Skip to main content
main-content

01.10.2012 | Meeting abstract | Sonderheft 1/2012 Open Access

Addiction Science & Clinical Practice 1/2012

Early detection and brief intervention for hazardous and harmful drinkers in primary health care in Italy: evaluation of the strategies, activities and experiences of the Istituto Superiore di Sanità (ISS)

Zeitschrift:
Addiction Science & Clinical Practice > Sonderheft 1/2012
Autoren:
Emanuele Scafato, Silvia Ghirini, Aula Rossi, Lucia Galluzzo, Sonia Martire, Lucilla Di Pasquale, Claudia Gandin
Provisions for early identification and brief intervention (EIBI) for hazardous and harmful drinking in primary care practice were explicitly included in the Italian 2000-2003 National Health Plan. Since that time, a number of strategies were carried out under the framework of different national and international programs. The need for specific training standards on EIBI outlined by the Primary Health Care European Project on Alcohol (PHEPA) were the impetus for the Italian national program “Gaining Health” with the purpose of developing, implementing, and disseminating a national EIBI training program adhering to PHEPA standards. National EIBI courses started in 2007 with the first formal “training the trainers” program opened to general practitioners and other professionals involved in primary care. Courses were funded by the Italian Ministry of Health and the Presidency of the Council of Ministers’ Department of Anti-Drug Policies. Since 2007, six formal courses have been conducted at the ISS and at other regional training sites. The last course was offered in May 2011, and data analysis of training effectiveness is now in progress. The main characteristics of participants from the first five ISS EIBI training courses were as follows: average age, 47.9 years (range, 24-60); gender distribution, men = 38% and women = 62%; professional categories, physicians = 63% and psychologists = 37%. Final analysis of a standardized evaluation form completed by 145 professionals who completed the EIBI program will provide in-depth insight into the effectiveness of the training.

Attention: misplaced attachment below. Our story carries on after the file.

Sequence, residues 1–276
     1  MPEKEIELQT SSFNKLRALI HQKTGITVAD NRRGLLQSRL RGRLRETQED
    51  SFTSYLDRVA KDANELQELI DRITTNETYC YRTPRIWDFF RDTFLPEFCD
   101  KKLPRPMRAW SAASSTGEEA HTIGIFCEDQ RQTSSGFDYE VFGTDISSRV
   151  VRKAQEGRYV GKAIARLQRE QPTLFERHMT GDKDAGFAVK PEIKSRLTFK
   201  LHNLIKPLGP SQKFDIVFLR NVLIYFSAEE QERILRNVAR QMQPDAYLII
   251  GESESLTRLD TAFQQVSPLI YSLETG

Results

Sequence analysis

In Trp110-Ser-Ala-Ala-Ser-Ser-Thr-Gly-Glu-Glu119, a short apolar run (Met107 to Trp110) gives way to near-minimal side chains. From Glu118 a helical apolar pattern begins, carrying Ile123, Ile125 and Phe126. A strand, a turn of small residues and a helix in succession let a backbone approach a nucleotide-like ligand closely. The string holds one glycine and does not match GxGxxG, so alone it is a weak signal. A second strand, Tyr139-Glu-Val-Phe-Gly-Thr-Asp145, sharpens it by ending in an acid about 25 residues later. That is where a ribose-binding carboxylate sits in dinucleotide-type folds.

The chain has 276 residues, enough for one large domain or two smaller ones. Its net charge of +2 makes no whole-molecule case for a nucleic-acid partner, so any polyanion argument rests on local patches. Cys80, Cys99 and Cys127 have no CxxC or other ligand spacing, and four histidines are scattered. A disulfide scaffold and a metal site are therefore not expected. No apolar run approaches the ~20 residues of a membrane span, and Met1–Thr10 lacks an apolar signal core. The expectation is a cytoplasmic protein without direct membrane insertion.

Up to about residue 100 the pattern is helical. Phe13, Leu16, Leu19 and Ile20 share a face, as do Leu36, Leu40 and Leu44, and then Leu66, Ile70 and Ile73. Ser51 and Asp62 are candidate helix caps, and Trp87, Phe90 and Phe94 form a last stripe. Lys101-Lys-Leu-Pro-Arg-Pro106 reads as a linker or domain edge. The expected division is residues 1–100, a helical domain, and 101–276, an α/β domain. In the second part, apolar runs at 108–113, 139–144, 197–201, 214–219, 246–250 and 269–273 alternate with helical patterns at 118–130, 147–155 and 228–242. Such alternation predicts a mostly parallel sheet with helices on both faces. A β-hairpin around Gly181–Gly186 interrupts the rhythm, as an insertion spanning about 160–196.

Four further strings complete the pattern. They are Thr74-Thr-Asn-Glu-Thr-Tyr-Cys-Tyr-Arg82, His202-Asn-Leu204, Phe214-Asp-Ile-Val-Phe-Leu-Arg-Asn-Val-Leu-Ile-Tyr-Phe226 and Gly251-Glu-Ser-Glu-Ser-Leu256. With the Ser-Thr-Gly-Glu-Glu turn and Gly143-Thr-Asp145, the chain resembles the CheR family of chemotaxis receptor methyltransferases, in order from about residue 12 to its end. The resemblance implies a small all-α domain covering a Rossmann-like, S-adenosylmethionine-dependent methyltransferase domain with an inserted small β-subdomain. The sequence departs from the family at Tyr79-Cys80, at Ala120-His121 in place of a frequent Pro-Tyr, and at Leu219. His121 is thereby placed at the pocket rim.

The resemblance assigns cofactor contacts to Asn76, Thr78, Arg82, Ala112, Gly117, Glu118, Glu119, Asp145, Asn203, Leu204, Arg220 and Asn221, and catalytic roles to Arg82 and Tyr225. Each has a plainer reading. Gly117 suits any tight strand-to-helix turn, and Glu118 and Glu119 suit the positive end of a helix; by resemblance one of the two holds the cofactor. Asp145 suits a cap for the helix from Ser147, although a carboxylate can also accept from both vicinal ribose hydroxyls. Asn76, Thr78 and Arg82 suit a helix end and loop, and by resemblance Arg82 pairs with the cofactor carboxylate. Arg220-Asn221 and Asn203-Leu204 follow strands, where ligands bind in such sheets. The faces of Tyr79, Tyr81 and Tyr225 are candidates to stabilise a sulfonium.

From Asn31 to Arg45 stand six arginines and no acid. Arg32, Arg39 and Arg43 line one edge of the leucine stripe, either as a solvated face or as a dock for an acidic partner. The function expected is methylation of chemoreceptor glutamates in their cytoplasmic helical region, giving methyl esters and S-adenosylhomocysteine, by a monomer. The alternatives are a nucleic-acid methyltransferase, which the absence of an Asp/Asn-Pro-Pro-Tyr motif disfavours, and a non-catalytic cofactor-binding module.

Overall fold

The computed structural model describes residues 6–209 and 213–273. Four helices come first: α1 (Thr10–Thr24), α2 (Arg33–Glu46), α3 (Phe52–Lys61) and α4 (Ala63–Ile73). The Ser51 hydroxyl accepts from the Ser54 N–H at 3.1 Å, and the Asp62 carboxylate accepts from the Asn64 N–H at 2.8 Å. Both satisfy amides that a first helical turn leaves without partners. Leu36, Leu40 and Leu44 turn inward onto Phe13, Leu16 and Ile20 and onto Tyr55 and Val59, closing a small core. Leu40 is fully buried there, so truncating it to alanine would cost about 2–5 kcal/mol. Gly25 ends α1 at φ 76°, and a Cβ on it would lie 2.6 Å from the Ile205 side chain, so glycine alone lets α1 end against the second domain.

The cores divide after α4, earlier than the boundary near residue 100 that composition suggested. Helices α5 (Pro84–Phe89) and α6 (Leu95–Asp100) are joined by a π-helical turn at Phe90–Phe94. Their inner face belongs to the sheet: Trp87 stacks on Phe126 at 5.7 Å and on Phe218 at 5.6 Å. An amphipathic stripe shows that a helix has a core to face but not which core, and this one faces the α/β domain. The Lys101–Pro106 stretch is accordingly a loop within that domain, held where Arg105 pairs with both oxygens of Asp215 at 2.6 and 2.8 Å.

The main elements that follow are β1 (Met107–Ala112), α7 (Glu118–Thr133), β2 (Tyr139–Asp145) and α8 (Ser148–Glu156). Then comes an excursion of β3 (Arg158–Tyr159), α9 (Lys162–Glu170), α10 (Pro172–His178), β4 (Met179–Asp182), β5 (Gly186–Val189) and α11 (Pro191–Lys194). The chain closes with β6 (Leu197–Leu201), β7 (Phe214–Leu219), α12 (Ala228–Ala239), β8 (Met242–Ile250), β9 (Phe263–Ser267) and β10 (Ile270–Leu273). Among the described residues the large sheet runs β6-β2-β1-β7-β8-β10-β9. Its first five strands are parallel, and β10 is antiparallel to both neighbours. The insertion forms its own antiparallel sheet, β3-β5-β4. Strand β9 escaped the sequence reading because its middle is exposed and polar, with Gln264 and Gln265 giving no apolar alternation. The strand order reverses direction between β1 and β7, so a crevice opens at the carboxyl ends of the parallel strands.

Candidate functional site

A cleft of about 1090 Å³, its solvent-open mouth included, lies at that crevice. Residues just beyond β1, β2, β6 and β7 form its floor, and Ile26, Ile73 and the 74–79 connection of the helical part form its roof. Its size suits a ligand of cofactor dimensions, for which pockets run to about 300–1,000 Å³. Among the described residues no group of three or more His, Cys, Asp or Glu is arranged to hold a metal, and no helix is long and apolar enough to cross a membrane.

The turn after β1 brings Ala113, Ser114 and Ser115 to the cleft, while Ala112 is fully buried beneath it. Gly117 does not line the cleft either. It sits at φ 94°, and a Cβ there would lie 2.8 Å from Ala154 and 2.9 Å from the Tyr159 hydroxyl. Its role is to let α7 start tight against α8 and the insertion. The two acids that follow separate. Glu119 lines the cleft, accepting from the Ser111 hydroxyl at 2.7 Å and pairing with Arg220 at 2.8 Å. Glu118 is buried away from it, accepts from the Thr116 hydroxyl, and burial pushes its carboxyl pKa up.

This article is published under license to BioMed Central Ltd. This is an Open Access article distributed under the terms of the Creative Commons Attribution License ( http://​creativecommons.​org/​licenses/​by/​2.​0), which permits unrestricted use, distribution, and reproduction in any medium, provided the original work is properly cited.
Über diesen Artikel

Weitere Artikel der Sonderheft 1/2012

Addiction Science & Clinical Practice 1/2012 Zur Ausgabe